Penn State's legal liability in Jerry Sandusky's child sex abuse case, detailed last week, could reach $100 million or more, plaintiffs' lawyers say.
Even before the release of a damaging report by investigative counsel Louis Freeh, explaining the former assistant coach's predatory sexual activities and administrators' attempts to hide them, the University faced lawsuits from Sandusky's victims, and given the 14-year duration of the cover-ups, the school's exposure could reach $100 million or more, the Philadelphia Inquirer reported Monday.
"This is a lot worse than what I anticipated, said Chicago-based lawyer Andrew Stoltmann. "The risks for Penn State in going through discovery [the legal request for more evidence] and leaving a decision in the hands of a jury could be cataclysmic."
Additional victims will likely come forward and plaintiffs' lawyers will subpoena university records and place senior officials under oath, tactics designed to pressure defendants and obtain more favorable settlements, the newspaper said, noting that the scandal has comparisons to litigation following disclosures that catholic priests across America had sexually molested children.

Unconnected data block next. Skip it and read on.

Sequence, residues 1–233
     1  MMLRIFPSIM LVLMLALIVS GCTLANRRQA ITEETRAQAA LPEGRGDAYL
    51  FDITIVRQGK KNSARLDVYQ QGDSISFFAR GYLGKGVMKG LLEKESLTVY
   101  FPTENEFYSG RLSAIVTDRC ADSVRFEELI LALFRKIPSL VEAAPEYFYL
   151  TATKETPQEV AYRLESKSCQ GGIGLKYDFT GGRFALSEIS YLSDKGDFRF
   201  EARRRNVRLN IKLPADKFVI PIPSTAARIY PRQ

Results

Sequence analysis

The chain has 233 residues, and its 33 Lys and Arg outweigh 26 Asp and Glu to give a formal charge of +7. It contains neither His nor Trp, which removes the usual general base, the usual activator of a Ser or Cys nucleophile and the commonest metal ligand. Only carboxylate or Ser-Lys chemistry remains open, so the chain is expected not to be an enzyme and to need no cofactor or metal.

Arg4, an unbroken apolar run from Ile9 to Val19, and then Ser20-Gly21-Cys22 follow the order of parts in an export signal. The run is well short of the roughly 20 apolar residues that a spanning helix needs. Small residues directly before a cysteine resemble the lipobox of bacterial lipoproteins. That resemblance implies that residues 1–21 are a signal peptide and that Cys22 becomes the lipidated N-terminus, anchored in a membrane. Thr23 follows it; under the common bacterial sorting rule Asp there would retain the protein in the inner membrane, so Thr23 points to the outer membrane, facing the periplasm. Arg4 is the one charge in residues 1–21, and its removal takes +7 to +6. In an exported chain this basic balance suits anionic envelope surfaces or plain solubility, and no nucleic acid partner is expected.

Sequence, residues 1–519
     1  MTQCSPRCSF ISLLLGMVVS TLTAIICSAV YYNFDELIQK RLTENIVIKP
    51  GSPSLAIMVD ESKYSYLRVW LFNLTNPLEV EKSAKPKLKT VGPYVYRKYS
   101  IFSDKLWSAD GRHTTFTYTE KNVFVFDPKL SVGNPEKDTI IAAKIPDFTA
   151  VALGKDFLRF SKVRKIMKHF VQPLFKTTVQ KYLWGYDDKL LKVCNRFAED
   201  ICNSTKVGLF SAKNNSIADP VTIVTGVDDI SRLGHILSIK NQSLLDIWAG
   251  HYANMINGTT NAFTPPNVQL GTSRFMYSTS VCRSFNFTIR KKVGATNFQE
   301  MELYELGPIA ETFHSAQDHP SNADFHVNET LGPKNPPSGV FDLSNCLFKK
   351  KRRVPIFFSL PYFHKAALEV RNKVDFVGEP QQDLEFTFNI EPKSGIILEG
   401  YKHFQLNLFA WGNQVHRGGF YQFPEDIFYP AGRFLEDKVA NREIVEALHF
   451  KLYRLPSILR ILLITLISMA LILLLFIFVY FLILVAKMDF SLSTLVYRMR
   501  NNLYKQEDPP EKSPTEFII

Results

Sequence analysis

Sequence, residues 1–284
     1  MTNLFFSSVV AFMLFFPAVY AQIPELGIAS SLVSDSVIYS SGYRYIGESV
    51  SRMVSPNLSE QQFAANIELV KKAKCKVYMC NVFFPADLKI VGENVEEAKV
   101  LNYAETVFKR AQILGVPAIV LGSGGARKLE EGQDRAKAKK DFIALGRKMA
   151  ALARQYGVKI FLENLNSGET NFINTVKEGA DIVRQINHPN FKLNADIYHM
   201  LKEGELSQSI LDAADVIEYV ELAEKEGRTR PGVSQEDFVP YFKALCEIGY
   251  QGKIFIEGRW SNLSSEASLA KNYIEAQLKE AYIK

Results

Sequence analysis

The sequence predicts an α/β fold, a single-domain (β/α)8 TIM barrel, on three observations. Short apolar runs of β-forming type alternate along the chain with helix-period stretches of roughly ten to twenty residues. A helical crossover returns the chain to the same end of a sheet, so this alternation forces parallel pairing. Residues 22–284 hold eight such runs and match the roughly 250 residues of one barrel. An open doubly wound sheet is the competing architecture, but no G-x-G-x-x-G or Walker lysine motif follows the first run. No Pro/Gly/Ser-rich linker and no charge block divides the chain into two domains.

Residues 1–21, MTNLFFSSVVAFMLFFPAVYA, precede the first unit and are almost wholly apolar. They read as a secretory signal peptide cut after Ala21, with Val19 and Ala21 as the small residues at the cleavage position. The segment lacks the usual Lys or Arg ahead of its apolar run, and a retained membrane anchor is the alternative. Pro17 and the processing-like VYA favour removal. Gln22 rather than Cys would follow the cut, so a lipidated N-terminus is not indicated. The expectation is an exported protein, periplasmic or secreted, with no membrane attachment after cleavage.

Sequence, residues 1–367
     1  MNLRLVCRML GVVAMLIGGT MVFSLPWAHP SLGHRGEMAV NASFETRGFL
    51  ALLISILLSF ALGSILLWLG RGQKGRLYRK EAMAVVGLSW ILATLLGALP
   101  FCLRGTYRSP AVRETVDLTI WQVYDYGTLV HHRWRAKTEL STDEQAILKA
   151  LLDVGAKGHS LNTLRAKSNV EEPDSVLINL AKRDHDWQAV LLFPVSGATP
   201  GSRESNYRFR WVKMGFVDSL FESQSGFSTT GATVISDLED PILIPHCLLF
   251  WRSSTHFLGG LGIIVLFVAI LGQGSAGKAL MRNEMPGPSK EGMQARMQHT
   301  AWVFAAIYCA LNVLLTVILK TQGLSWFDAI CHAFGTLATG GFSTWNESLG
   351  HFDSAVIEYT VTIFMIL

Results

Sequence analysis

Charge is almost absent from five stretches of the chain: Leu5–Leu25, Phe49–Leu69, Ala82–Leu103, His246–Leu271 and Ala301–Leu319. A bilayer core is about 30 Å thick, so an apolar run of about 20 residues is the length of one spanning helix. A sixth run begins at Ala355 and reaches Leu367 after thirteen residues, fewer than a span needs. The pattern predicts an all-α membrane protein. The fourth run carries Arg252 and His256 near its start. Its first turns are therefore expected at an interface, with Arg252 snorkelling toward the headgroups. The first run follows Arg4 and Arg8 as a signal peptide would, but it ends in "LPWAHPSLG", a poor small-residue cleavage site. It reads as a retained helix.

"It's just another case in which men who were in power took no steps to protect children but took all necessary steps to protect the institution. They exhibited depraved indifference to the welfare of children," said Marci Hamilton, an attorney representing a client who says he was abused by Sandusky.